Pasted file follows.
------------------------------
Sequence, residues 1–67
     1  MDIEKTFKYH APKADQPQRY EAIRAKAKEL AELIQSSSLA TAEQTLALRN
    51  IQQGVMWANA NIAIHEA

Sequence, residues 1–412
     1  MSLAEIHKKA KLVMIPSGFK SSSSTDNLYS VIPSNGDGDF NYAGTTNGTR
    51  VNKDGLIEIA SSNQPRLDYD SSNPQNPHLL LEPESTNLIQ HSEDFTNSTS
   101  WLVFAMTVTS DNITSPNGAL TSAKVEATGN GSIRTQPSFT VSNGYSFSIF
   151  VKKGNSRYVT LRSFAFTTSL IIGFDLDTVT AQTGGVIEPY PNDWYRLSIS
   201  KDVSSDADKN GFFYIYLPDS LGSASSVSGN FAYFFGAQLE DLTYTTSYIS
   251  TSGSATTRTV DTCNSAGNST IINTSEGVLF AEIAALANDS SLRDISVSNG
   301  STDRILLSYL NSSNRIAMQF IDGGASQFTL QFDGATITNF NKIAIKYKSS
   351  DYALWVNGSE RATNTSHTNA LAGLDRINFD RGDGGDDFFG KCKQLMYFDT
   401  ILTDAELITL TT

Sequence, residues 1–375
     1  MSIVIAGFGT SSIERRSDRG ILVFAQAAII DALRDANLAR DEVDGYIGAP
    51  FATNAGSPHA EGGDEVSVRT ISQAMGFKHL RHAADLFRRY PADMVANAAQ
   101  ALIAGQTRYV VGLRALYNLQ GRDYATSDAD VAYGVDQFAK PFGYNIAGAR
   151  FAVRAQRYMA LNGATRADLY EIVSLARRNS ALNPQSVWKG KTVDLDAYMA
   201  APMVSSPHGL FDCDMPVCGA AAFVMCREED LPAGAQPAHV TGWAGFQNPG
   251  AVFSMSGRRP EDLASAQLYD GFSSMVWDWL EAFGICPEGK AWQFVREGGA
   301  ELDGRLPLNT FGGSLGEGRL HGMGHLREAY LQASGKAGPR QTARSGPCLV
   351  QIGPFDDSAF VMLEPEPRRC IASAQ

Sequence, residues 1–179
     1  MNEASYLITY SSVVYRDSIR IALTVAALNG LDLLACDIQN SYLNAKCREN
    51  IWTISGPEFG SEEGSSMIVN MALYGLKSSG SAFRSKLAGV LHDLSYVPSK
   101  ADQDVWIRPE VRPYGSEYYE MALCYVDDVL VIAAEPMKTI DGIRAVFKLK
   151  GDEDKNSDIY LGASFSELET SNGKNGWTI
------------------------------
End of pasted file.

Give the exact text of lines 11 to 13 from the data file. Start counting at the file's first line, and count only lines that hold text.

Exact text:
   301  STDRILLSYL NSSNRIAMQF IDGGASQFTL QFDGATITNF NKIAIKYKSS
   351  DYALWVNGSE RATNTSHTNA LAGLDRINFD RGDGGDDFFG KCKQLMYFDT
   401  ILTDAELITL TT